What Obama Actually Thinks About Radical Islam
The president does not suffer illusions about the pathologies afflicting the broader Muslim world.
It is not a new practice for critics of President Obama to question his commitment to the fight against Islamist terrorism, but Donald Trump, the presumptive Republican presidential nominee, has cast doubt on Obama’s commitment to this struggle in uniquely florid and bizarre ways. On Tuesday, he claimed that Obama “prioritizes” America’s enemies over the American people; on Monday, he insinuated that Obama is sympathetic to the Islamic State terror group. (Read the previous sentence again and ask yourself: How has it come to this?)
Trump’s recent statements about Obama grow from a neurotic belief in the president’s malevolent otherness: On ISIS, Trump said, Obama “doesn’t get it, or he gets it better than anybody understands.” Barack Obama, to Donald Trump, is, and will forever be, the Manchurian President—Manchuria, by way of Kenya, with a detour in Raqqa.
Over the course of many conversations with Obama about the Middle East, terrorism, Islam, and the role of religion in fomenting extremist behavior, I’ve developed at least a partial understanding of his thinking on these subjects. Suffice it to say that I find neither the right’s nor the left’s interpretations of Obama’s policy and rhetorical predispositions to be particularly satisfying or comprehensive.
Early in his first term, Obama believed (rather too naively, in my opinion) that he could, in fact, make a substantive difference. He delivered a speech in Cairo that was meant to reset relations with Muslims, but was also meant, he later told me, to challenge Muslims to cease manufacturing excuses for problems of their own making. He told me recently, in reference to the Cairo speech, “My argument was this. Let’s all stop pretending that the cause of the Middle East’s problems is Israel. We want to work to help achieve statehood and dignity for the Palestinians, but I was hoping that my speech could trigger a discussion, could create space for Muslims to address the real problems they are confronting—problems of governance, and the fact that some currents of Islam have not gone through a reformation that would help people adapt their religious doctrines to modernity.”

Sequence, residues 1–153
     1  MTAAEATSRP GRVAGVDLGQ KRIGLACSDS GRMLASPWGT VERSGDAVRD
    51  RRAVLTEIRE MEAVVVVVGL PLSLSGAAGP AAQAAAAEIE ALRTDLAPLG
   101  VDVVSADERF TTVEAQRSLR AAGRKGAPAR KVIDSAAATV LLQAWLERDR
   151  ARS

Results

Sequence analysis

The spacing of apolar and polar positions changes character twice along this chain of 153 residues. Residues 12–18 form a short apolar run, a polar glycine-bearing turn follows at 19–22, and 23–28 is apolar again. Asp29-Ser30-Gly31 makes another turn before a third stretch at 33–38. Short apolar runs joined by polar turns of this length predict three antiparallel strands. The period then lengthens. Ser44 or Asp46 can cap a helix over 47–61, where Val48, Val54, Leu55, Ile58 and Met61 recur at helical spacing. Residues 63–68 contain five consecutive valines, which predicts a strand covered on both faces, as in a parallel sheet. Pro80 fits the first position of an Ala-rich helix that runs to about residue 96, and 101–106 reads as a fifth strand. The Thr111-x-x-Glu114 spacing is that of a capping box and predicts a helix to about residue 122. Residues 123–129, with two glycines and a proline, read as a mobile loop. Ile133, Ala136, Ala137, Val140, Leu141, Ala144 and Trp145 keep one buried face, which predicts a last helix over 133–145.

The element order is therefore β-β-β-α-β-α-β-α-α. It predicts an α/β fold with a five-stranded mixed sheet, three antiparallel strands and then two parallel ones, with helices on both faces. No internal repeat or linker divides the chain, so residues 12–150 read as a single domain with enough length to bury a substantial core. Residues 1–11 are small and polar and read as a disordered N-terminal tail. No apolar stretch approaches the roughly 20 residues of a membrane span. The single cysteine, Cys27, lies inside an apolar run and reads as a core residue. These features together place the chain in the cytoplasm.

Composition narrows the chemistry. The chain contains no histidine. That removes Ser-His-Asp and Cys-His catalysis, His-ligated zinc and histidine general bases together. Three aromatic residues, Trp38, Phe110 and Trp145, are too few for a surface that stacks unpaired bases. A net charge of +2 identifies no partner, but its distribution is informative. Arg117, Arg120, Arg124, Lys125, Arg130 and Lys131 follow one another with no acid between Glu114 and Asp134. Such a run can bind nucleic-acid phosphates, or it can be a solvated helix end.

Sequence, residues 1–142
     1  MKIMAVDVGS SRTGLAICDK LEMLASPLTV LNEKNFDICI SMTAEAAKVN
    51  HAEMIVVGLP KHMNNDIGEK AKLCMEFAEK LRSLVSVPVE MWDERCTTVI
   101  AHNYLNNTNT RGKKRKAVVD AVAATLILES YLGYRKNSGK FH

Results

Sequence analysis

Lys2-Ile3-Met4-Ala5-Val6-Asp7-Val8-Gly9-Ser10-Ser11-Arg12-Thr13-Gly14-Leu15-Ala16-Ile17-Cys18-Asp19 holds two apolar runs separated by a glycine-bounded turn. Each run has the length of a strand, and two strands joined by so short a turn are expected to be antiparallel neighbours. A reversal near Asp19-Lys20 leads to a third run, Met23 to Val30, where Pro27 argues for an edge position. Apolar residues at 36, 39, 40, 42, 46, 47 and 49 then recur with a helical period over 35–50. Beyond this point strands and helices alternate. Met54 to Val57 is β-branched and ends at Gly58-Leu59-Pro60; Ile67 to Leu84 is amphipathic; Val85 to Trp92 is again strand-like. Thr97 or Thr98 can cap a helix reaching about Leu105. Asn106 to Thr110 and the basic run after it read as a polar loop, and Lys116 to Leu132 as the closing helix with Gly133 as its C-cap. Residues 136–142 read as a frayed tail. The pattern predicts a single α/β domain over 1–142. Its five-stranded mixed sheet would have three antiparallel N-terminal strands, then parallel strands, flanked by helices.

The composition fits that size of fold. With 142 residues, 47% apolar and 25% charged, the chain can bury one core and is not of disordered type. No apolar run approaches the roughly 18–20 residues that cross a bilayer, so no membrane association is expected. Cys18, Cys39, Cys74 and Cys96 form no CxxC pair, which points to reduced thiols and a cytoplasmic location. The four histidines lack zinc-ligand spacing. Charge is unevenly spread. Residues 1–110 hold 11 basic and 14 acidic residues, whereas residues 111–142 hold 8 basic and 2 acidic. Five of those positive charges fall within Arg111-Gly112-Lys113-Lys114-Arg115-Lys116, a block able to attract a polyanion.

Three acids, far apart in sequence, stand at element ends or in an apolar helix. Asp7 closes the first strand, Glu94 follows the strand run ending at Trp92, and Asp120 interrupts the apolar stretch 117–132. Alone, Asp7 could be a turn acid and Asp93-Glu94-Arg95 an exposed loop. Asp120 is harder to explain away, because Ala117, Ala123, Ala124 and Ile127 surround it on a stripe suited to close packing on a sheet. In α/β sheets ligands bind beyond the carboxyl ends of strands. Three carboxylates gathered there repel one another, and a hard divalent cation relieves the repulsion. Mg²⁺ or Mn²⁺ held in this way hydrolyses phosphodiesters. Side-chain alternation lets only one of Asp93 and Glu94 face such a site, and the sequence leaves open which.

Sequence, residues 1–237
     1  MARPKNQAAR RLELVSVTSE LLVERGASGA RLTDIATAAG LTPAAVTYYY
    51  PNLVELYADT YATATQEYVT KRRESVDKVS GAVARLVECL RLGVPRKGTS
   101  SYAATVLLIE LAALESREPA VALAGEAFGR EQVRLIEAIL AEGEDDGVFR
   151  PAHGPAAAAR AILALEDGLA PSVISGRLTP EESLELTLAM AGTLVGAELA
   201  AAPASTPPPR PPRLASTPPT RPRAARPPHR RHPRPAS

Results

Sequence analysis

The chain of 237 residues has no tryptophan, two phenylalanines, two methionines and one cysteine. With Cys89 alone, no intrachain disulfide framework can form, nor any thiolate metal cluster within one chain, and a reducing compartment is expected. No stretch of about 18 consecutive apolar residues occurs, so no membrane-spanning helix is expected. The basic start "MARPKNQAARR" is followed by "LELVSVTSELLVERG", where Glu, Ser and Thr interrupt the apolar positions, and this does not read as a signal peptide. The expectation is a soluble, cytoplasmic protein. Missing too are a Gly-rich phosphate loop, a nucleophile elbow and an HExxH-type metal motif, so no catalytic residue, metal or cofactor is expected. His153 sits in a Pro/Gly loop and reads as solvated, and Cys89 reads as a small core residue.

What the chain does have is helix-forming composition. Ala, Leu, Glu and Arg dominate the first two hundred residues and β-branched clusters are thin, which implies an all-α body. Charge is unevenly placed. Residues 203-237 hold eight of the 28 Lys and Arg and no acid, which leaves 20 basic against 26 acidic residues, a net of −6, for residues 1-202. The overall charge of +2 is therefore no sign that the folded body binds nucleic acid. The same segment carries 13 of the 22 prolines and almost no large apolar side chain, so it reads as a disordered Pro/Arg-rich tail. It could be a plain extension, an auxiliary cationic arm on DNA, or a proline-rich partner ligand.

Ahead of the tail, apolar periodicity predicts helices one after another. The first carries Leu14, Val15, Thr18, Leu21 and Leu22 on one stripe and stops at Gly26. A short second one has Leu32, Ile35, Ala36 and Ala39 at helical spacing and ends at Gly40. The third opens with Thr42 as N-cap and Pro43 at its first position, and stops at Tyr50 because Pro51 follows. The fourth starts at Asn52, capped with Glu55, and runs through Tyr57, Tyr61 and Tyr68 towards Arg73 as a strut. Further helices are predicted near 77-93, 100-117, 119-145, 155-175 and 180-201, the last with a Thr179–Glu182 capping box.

He gave the Cairo speech in 2009. By 2012—as the revolutions of the Arab Spring were curdling, and as Libya drifted toward chaos, despite a partial U.S. intervention—Obama developed strong antibodies to what I call the Carly Simon Syndrome, which is an affliction affecting American policymakers so vain that they probably think Islamist extremism, and everything else, is about them. Obama, unlike many American analysts, does not suffer from this delusion. He sees the problems affecting parts of the Muslim world as largely outside American control. At its best, this belief keeps him from rushing into disasters not of America’s making; at its worst, it keeps him from taking steps that stand a chance of making things better.
It is not only Obama’s seven-year war against jihadist organizations that calls into question Trump’s claim that he is working to advance the interests of ISIS (or, to put it another way, if Obama is indeed an ISIS agent, he’s doing a very bad job of it). It is also his publicly and frequently articulated demand, made of all Muslims, to fight harder against those who refract their faith through the prism of arid and merciless textual literalism. “There is … the need for Islam as a whole to challenge that interpretation of Islam, to isolate it, and to undergo a vigorous discussion within their community about how Islam works as part of a peaceful, modern society,” Obama told me.
He immediately pivoted from this statement, though, by addressing Donald Trump—not by name, but his target was obvious. “I do not persuade peaceful, tolerant Muslims to engage in that debate,” he said, “if I’m not sensitive to their concern that they are being tagged with a broad brush.”
The fundamental difference between Obama and Trump on issues related to Islamist extremism (apart from the obvious, such as that, unlike Trump, Obama a) has killed Islamist terrorists; b) regularly studies the problem and allows himself to be briefed by serious people about the problem; and c) is not racist or temperamentally unsuitable for national leadership) is that Trump apparently believes that two civilizations are in conflict. Obama believes that the clash is taking place within a single civilization, and that Americans are sometimes collateral damage
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